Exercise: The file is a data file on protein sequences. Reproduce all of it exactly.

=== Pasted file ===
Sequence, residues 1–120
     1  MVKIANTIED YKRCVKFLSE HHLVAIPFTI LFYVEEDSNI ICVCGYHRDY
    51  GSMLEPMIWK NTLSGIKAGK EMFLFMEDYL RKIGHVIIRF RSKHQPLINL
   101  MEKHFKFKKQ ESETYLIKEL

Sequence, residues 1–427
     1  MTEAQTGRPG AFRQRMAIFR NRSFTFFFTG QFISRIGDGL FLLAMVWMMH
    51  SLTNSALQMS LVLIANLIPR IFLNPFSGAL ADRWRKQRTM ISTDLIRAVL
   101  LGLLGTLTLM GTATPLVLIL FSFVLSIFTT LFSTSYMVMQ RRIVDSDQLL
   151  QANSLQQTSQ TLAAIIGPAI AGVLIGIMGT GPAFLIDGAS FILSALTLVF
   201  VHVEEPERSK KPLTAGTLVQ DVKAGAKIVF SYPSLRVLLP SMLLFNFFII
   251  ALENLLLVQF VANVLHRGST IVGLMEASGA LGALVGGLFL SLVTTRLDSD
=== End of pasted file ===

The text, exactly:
Sequence, residues 1–120
     1  MVKIANTIED YKRCVKFLSE HHLVAIPFTI LFYVEEDSNI ICVCGYHRDY
    51  GSMLEPMIWK NTLSGIKAGK EMFLFMEDYL RKIGHVIIRF RSKHQPLINL
   101  MEKHFKFKKQ ESETYLIKEL

Sequence, residues 1–427
     1  MTEAQTGRPG AFRQRMAIFR NRSFTFFFTG QFISRIGDGL FLLAMVWMMH
    51  SLTNSALQMS LVLIANLIPR IFLNPFSGAL ADRWRKQRTM ISTDLIRAVL
   101  LGLLGTLTLM GTATPLVLIL FSFVLSIFTT LFSTSYMVMQ RRIVDSDQLL
   151  QANSLQQTSQ TLAAIIGPAI AGVLIGIMGT GPAFLIDGAS FILSALTLVF
   201  VHVEEPERSK KPLTAGTLVQ DVKAGAKIVF SYPSLRVLLP SMLLFNFFII
   251  ALENLLLVQF VANVLHRGST IVGLMEASGA LGALVGGLFL SLVTTRLDSD